Verizon Communications Inc. (NYSE:VZ) has returned to unlimited data plans to better compete with the competition. With the new plans, Verizon customers will get as much talk, text, and data as they want per line.
Verizon’s unlimited data plan starts at $80 per month and goes up to $180 for four lines. That is only $10 more than a current Verizon plan that includes just 4 gigabytes of monthly data. Customers must agree to AutoPay and paper-free billing to enroll in the plan. Verizon said several smaller data plans would remain for customers who wanted to pay less.
Monthly data allowances is one of the wireless industry’s most hated practices. Predicting how much data a user will use in advance is hard to do accurately. Those who make a mistake waste money if they are paying for too much data or are hit with overage fee charges if they exceed the allowances. A 2014 study estimated smartphone users in the U.S. were overpaying about $45 billion a year for data.
T-Mobile and Sprint introduced slightly cheaper unlimited plans last summer. T-Mobile’s unlimited plan starts at $70 and goes up to $160 for four lines. The rate includes all applicable surcharges and fees, effectively cutting its unlimited price by at least another 10 percent.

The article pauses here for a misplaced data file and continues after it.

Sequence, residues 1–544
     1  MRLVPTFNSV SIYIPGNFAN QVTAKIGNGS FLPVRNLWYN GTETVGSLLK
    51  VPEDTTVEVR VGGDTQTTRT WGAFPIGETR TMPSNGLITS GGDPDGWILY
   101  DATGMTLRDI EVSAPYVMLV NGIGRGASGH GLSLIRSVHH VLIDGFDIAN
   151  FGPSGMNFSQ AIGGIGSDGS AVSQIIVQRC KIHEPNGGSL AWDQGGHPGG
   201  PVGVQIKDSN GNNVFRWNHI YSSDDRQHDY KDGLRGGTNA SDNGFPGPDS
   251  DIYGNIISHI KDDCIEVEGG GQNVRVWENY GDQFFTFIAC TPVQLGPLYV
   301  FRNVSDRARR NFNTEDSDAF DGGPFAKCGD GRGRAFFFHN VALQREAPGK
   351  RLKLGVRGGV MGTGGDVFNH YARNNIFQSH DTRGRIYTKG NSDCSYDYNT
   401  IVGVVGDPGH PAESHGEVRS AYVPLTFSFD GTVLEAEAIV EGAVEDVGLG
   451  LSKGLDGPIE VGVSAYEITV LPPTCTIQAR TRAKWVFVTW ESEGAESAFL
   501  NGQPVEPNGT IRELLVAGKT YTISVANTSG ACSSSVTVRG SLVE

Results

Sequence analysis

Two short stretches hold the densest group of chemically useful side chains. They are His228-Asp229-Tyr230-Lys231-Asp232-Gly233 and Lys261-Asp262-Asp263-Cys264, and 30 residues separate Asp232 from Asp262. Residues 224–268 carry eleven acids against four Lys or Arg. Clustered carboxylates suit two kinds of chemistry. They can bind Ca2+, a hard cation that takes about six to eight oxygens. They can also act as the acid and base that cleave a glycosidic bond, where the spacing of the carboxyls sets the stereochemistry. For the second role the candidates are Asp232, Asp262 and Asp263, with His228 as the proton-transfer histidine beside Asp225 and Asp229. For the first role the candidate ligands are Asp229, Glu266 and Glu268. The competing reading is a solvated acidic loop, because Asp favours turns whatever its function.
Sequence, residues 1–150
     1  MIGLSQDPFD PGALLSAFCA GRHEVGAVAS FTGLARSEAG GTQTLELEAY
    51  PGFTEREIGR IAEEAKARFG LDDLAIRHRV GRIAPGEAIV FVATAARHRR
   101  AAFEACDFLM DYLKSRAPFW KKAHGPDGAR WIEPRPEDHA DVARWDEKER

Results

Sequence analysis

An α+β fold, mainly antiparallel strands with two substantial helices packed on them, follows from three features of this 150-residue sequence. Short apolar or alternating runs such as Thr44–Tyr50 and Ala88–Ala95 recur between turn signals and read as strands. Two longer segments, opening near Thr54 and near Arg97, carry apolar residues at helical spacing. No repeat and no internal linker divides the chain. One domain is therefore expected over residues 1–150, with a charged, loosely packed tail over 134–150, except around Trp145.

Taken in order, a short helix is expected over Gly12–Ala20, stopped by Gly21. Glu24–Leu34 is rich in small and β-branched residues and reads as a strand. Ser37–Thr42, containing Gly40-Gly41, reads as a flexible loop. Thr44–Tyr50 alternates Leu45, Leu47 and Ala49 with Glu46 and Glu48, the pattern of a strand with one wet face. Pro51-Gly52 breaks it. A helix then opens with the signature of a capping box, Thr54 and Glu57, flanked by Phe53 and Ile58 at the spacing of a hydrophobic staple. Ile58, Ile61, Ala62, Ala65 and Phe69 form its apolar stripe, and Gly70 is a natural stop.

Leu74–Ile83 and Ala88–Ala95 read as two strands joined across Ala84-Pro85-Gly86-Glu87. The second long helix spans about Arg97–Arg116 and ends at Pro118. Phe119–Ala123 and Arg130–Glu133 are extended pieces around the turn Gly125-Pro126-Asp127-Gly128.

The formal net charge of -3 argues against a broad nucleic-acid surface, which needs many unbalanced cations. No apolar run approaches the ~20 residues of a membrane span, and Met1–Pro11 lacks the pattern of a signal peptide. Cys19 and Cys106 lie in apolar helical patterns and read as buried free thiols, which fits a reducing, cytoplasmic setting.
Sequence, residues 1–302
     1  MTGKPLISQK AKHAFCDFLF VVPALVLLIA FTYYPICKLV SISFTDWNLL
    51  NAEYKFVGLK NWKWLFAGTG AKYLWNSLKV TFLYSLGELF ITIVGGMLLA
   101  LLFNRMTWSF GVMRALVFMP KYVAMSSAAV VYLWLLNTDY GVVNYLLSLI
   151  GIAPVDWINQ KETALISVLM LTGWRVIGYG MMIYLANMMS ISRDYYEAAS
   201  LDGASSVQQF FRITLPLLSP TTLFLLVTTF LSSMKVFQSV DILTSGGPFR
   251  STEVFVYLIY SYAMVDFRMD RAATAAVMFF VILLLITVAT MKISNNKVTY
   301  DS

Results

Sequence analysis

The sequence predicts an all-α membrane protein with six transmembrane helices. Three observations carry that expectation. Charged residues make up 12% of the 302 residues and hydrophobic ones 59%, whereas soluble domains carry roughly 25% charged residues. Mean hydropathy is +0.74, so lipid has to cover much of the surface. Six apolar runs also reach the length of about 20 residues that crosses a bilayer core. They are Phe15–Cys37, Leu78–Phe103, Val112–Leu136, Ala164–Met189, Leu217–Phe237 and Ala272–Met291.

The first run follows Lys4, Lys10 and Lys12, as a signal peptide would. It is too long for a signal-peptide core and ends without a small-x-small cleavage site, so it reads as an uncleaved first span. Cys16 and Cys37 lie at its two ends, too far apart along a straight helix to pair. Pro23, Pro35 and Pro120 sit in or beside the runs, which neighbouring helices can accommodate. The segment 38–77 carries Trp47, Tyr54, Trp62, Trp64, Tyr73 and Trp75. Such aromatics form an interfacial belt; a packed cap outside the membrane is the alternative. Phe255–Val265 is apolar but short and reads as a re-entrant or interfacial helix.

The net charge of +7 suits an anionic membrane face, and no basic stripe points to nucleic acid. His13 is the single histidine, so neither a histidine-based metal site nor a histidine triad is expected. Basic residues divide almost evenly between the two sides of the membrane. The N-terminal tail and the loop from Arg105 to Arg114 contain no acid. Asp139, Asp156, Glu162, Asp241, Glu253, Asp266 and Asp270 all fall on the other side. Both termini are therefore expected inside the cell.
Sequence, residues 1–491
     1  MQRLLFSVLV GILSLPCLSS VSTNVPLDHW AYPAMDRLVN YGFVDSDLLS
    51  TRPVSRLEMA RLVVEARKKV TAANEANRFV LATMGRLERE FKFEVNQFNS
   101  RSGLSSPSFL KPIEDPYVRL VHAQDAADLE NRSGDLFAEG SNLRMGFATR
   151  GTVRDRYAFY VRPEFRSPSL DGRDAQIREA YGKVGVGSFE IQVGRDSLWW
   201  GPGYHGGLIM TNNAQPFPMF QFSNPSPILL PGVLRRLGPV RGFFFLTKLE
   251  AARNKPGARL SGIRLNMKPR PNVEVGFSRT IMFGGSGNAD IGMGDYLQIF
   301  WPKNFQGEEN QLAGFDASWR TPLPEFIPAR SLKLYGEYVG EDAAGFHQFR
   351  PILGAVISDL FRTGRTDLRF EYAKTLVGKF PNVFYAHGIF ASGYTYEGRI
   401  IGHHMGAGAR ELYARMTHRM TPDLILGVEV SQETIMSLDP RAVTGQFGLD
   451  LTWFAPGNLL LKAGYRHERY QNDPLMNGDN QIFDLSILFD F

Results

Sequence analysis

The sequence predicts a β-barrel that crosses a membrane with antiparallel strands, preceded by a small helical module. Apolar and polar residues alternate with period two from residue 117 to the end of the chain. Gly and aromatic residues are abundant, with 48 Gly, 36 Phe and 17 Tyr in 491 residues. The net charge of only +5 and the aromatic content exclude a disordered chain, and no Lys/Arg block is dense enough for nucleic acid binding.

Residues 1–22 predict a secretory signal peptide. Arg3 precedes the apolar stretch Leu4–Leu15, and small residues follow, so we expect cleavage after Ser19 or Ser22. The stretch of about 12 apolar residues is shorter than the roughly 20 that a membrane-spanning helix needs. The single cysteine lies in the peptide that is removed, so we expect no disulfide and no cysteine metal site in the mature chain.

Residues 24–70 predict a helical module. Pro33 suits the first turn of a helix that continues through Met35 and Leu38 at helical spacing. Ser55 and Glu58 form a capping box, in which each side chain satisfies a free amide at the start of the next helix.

Sprint’s unlimited plan starts at $60 per line and goes up to $150 for four lines. Sprint is also offering 5 lines for only $90 per month for the first 12 months in a limited promotion this week. AT&T offers an unlimited plan to customers who subscribe to its DirecTV satellite service starting at $100 for the first line.
Customers on unlimited plans will likely use more data, which could affect the efficiency of Verizon’s network, but Verizon said it had added enough advanced equipment to handle more traffic. In a statement, Verizon Wireless President Ronan Dunne said, “We’ve built our network so we can manage all the activity customers undertake.” Verizon said it would not downgrade the quality of streaming video for unlimited plan users, but download rates may be slowed after 22 GB per line per month.
Verizon reported that it added 2.3 million post-paid customers, the most lucrative type of monthly customers, in 2016, about half the 4.5 million it added in 2015. On January 24, the company told Wall Street not to expect its revenue to grow in 2017. Shares of Verizon have lost 7 percent since that no-growth announcement.